Each year when the world music expo, WOMEX, closes up shop in another European city, we get the stats. And the 23rd edition in A Coruña, Spain, was no exception. So here they are:
- 2750 music professionals (including 220 performing artists) from 105 countries
- more than 60 artist showcases spread across seven stages
- 18 music-based documentaries
- 96 speakers and mentors pin the conference sessions
- 703 exhibiting companies
- more than 250 stands
- and a radio studio on-site
My colleagues—loyal Afropop contributor Ron Deutsch, who lives in Valencia, Spain, and Jon Kertzer of KEXP in Seattle—and I did our best to experience and document all we could. The many fruits of our labors will appear in the pages of afropop.org and on our podcast Planet Afropop in the weeks and months to come.
But I like to begin with visuals. So dense is the WOMEX experience that there are likely 1000 words to go with each of the images below. But as life hurries on, I’ll let the pictures do most of the talking for now.
Overall, this was a fascinating year from the Afropop perspective. There were groups from Ghana, Mali, Congo, South Africa, Senegal, Brazil and Colombia, and European-based acts with musicians from Tunisia, Algeria, Burkina Faso and Ethiopia. And that’s just the official showcases. There were also Off-WOMEX stages, and all sorts of artists who simply show up to meet and greet, share their recordings, and dream of being on a WOMEX stage in a future year.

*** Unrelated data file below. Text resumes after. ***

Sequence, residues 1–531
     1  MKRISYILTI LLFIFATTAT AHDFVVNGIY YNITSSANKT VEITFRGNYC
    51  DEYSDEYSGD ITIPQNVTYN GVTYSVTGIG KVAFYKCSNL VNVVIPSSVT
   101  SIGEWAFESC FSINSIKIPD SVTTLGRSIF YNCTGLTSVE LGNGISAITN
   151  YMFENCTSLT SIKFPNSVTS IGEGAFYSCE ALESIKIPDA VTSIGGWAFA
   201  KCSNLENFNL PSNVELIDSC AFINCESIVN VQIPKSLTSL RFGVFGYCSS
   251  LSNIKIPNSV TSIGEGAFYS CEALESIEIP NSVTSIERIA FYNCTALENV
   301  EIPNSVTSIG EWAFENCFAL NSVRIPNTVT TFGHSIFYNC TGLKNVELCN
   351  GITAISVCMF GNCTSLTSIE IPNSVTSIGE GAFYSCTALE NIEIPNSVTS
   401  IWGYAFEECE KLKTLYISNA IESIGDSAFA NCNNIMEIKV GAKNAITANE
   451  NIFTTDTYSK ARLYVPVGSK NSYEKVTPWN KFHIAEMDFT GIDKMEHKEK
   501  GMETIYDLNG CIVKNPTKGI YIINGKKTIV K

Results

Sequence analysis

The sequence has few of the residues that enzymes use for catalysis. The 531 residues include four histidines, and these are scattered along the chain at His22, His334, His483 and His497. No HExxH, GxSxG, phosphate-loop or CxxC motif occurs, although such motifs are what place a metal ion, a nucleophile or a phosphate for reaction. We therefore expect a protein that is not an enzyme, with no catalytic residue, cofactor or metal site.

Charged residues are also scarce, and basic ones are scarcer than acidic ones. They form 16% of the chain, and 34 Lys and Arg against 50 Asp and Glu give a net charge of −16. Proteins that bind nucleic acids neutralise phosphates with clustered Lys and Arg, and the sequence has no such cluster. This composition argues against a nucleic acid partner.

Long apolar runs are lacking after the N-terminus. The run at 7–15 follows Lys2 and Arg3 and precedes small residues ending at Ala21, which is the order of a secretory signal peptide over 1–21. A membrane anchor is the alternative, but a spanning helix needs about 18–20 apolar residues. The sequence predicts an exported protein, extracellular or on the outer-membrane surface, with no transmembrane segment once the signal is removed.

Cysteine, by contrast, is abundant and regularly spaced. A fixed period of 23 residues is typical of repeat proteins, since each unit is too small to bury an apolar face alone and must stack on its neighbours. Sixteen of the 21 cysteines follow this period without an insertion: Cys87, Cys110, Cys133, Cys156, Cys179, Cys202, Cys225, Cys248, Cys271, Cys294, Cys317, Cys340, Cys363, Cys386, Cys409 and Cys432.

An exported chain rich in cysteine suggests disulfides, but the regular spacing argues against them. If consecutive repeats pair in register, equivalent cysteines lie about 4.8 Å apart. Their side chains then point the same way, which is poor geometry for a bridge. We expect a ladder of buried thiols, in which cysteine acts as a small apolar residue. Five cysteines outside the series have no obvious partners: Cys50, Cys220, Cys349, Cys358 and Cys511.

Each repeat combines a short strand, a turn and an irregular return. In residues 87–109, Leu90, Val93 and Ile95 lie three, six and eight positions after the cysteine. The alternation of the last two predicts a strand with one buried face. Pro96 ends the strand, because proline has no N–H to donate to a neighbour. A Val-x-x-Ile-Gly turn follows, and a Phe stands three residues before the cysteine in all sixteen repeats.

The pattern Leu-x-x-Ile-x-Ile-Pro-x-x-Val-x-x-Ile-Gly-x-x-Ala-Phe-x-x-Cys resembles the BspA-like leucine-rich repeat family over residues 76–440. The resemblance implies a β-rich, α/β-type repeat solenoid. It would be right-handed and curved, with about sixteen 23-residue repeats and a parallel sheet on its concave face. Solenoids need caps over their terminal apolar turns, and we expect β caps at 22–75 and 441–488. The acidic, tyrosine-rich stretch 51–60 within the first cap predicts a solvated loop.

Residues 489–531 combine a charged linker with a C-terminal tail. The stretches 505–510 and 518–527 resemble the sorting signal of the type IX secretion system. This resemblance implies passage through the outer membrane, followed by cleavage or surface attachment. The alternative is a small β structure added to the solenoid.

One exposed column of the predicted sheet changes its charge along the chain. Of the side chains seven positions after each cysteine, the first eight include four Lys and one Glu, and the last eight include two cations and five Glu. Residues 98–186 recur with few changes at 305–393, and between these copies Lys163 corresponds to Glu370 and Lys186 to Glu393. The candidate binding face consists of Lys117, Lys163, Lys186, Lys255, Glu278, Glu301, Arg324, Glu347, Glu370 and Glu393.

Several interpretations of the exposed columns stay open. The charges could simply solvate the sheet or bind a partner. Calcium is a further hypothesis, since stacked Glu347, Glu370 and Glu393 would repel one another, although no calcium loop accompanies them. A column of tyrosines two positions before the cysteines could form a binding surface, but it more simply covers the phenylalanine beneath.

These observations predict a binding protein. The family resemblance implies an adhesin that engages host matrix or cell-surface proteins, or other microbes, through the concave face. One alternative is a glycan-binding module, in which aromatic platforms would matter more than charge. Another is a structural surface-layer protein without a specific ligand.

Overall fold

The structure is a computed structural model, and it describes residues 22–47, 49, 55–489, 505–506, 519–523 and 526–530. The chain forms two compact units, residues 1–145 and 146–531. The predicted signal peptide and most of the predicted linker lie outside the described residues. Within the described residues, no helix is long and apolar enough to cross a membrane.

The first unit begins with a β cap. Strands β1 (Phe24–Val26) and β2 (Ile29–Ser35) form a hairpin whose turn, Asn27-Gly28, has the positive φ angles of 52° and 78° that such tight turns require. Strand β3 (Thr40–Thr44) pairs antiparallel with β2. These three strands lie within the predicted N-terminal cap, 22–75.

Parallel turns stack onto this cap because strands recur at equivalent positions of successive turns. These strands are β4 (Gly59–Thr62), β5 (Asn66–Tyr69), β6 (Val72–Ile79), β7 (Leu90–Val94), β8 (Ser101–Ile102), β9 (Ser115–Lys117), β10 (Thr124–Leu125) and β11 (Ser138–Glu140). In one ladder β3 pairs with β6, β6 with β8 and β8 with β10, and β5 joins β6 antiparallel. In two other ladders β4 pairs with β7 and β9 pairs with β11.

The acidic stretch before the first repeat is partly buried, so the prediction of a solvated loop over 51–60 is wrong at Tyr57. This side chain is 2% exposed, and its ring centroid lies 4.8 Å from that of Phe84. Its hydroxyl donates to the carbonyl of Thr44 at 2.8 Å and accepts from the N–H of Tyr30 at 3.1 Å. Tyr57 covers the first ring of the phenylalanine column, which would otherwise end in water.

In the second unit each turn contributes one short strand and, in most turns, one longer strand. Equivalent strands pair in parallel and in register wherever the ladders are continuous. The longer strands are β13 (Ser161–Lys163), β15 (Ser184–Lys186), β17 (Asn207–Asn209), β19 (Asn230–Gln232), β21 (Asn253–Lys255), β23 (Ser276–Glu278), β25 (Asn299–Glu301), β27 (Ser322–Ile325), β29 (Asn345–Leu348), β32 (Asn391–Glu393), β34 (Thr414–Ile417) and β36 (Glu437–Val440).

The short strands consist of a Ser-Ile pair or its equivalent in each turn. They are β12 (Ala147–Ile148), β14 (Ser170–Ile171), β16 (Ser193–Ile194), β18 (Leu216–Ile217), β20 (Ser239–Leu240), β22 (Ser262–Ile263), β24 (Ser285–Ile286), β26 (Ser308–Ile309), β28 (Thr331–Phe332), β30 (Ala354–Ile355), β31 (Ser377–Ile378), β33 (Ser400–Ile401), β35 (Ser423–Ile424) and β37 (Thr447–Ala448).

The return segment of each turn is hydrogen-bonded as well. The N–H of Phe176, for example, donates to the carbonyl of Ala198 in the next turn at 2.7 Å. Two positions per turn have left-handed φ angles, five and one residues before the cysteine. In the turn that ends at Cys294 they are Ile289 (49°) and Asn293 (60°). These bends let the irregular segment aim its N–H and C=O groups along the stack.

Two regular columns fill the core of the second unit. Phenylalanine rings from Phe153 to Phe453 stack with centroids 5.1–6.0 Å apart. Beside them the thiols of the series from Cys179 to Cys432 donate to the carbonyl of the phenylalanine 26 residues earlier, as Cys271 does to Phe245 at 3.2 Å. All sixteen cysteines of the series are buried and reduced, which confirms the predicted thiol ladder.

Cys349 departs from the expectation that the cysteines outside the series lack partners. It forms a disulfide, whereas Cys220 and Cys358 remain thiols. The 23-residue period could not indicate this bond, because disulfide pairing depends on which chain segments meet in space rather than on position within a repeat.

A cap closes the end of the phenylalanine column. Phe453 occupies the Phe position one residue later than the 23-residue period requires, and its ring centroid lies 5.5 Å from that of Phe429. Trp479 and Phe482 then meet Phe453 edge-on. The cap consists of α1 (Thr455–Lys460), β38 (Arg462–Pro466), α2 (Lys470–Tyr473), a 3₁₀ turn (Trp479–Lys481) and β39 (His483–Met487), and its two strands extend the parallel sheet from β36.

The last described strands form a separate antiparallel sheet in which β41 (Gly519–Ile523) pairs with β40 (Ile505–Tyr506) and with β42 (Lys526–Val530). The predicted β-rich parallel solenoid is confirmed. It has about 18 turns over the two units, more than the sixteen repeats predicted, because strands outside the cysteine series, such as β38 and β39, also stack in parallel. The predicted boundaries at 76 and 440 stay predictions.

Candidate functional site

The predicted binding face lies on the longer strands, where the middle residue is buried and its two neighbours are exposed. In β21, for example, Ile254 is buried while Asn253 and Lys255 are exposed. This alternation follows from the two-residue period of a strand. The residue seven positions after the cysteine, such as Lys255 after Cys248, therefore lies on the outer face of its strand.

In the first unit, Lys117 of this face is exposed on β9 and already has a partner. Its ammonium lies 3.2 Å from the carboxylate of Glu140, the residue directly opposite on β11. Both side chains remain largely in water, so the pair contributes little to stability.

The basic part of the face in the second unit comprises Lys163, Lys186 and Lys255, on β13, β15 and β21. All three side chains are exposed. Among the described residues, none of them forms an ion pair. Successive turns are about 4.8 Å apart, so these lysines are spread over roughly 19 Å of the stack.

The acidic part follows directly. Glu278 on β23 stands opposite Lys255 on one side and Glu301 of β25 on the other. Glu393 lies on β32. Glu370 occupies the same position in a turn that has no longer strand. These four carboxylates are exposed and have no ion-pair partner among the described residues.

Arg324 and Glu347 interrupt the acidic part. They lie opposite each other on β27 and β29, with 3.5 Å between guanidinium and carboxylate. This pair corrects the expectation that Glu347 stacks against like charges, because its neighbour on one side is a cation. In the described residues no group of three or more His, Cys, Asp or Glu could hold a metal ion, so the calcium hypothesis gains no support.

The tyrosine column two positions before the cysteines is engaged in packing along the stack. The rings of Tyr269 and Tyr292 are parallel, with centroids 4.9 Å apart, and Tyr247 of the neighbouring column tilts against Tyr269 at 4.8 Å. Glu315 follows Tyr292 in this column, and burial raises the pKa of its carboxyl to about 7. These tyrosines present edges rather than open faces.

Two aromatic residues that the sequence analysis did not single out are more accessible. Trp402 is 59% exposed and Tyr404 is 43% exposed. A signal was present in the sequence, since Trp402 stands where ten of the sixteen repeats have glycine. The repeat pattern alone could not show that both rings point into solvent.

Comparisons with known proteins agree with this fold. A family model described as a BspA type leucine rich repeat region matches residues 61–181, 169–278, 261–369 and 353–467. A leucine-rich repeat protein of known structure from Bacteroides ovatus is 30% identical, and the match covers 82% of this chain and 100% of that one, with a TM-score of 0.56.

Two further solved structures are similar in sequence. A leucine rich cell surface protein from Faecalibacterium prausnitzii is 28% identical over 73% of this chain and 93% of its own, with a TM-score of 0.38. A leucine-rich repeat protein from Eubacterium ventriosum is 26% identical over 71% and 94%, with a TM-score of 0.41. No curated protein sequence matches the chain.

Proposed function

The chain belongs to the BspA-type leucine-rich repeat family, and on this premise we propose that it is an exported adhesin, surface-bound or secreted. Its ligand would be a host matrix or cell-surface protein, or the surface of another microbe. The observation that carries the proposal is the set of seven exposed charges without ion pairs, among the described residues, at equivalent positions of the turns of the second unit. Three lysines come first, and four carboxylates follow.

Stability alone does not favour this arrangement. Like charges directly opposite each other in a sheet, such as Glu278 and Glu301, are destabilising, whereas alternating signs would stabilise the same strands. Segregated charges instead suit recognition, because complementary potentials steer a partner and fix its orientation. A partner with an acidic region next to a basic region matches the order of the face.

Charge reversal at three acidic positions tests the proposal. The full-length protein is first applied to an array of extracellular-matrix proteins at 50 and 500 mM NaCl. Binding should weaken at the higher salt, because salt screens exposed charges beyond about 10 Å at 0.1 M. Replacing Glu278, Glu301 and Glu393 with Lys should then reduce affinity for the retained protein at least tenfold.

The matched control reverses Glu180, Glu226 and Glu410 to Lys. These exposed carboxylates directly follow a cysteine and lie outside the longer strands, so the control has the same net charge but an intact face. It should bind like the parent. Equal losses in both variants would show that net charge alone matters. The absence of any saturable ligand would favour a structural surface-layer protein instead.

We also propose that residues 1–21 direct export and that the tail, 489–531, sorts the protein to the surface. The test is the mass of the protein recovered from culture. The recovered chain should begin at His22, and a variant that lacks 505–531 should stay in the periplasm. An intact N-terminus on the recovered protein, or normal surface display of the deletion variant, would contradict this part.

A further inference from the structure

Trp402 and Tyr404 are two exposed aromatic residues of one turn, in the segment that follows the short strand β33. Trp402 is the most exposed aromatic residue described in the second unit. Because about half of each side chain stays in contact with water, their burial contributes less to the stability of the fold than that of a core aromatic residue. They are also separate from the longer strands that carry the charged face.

The “delegates” these days are mostly agents, presenters and festival directors. There are still some great record labels in attendance, but their presence has diminished with the years as the prospect of selling musical recordings becomes more and more iffy. The name of the game here is bookings. And it’s a risky proposition for artists. It costs money to perform at WOMEX, even if you’re lucky enough to land a prime spot. In general, the sound in the showcase venues is very good, but there are exceptions. Few cities can offer five excellent venues within easy walking distance, so not all stages are equal from that point of view. Then, factors such as weather (it rained quite a bit in A Coruña), social distraction (this is the ultimate global music schmooze-fest and it’s easy to get lost in conversation and lose all track of time), competition (it’s impossible to catch everything you want to see), and transport (taxies could be tough to find this year) can all influence who sees which acts, and therefore who ultimately gets which gigs.
In the few conferences I attended, a major subject was the expense and unreliability of the visa process. France has, for the moment, suspended all travel visas from Mali, Niger and Burkina Faso, in response to coups in those countries. And, as an American, I feel something close to shame at the obstacles we have put in front of touring artists since 9-11. So much trouble in the world.. Many great acts just don’t bother anymore. Kudos to those brave ones who take on all these challenges in our ever more fractious times!
Despite all, WOMEX carries on, and every year brings magic. So here’s a taste, and remember, you’ll get to hear performances and interviews with many of these artists on Planet Afropop, starting on November 14, when we feature two WOMEX-23 acts from Ghana. So be sure to subscribe to our podcast feed for radio programs and bi-weekly podcasts.
What follows is a selection of performance shots from some of the key Afropop-oriented groups, presented in alphabetical order!